Good luck smile

CogitOIOIO Tue 09-Dec-14 13:54:52

I think the best thing to do is talk to your DM and DSF about the future. Older people are often much more sanguine than you think. Get them to think of a few 'what ifs' and practical matters, ask them about how they'd like things to be managed if either of them needed permanent care or if one of them died. I wouldn't involve your brother at this stage if he's not involved day to day. But start the ball rolling, have a few conversations about it and bring up the idea of power of attorney as part of the discussion. Matter of fact stuff.

ThinkFirst Tue 09-Dec-14 14:13:20

While a PoA will help while your DM is still alive, it won't once she has died. If your stepfather is still alive and you don't want him to lose his home you should talk to your DM about re-writing her will so he has lifetime occupancy of the house so your brother can't get him kicked out.

Quitelikely Tue 09-Dec-14 14:21:44

So if a couple are married and one dies the other can write a will stating the surviving spouse gets nothing?

I didn't know that!

Hoppinggreen Tue 09-Dec-14 14:29:13

Thank you
My mums will does say that DSD can stay there so if she dies 1st he will be ok but if she is in care it might be trickier and I expect my brother could try something.
DSD has only been with my mum since we were adults and although I am find of him, as are DH and our children my brother doesn't like him, I suspect it's mutual by DSD would never say anything.
DSD is very shy and quiet ( suspect Aspergers to be honest) and my brother would totally steam roller him.
Especially useful practical advise from rather . I will look into that but I think to make sure my brothers rather grabby hands are tied it might be best to get a solicitor to at least witness the signatures.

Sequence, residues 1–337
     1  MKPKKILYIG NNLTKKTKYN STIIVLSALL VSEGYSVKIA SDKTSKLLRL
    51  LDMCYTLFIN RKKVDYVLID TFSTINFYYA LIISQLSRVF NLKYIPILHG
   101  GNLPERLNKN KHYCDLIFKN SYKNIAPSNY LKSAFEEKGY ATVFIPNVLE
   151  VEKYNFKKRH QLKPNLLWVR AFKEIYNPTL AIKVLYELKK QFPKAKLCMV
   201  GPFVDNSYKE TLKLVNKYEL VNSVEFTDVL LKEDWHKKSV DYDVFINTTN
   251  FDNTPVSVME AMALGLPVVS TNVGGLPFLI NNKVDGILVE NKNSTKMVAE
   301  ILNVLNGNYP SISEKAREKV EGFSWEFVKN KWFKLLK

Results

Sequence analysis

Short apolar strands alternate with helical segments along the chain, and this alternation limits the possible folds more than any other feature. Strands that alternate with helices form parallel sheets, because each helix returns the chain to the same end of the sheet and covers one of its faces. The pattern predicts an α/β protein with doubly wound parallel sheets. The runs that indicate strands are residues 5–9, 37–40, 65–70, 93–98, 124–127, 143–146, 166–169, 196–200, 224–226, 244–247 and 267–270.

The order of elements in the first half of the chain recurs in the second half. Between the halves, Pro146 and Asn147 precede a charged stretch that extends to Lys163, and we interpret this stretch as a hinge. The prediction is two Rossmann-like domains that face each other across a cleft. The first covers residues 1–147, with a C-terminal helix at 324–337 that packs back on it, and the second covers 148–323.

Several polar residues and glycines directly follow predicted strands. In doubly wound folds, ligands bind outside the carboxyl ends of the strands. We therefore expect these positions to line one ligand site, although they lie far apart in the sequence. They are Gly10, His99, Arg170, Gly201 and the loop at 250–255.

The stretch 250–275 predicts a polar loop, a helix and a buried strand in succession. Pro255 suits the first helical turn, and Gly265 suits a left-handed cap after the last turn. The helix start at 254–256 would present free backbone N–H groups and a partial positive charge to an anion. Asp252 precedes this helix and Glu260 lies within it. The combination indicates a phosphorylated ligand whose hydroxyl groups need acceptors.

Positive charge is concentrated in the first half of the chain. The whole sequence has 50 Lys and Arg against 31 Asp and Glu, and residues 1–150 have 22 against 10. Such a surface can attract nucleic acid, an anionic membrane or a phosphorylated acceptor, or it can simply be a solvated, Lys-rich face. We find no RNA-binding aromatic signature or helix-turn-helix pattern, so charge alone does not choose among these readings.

Hoppinggreen Tue 09-Dec-14 14:29:48

Sorry should have said DM and DSD not married. House in her name only

apotatoprintinapeartree Tue 09-Dec-14 14:37:26

Hello OP

My only advice would be to do it quickly, sometimes it can take a long time to come through.
In the case of my very ill df, he died before I received the POA, as he was terminal and close to the end.
I know your dm isn't like this but if your db was to start manipulating you will need your POA asap.

Topseyt Tue 09-Dec-14 15:02:47

Does your stepfather also own a stake in the house (50%, say) and have capital invested in it?

If he does and is on the deeds then does that not help? I don't know how that would stand legally with regard to care home fees, but hopefully they could not take away his home. You could copy your post into legal matters. I had some good advice there.

Hoppinggreen Tue 09-Dec-14 16:08:22

No, Stepdad has no stake in the house. DM bought it outright and wants to leave it to me and my brother but she doesn't want him to be homeless if She dies first. He has family at the other end of the Country but they aren't close and I think he would rather stay near us as we would visit him etc.
To be honest I'm not too worried about what happens when DM dies, she has a will and apart from a couple of items of sentimental value I wouldn't Much care if I inherited nothing . I'm more concerned about if she needs long term care and as she has Parkinson's it's a possibility.

Joysmum Tue 09-Dec-14 18:17:24

My FIL had all the paperwork ready and had discussed his wishes with his solicitor before discussing with us. Then when the time came, the solicitor came to the hospital to finalize and it was as simple and easy as it was ever going to be.